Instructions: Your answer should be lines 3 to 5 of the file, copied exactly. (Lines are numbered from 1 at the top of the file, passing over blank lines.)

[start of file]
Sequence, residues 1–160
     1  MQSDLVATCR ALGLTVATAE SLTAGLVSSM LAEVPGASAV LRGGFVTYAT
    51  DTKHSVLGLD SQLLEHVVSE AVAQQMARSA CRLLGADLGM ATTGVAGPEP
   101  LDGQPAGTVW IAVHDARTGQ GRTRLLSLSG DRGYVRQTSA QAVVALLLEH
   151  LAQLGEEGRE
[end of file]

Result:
    51  DTKHSVLGLD SQLLEHVVSE AVAQQMARSA CRLLGADLGM ATTGVAGPEP
   101  LDGQPAGTVW IAVHDARTGQ GRTRLLSLSG DRGYVRQTSA QAVVALLLEH
   151  LAQLGEEGRE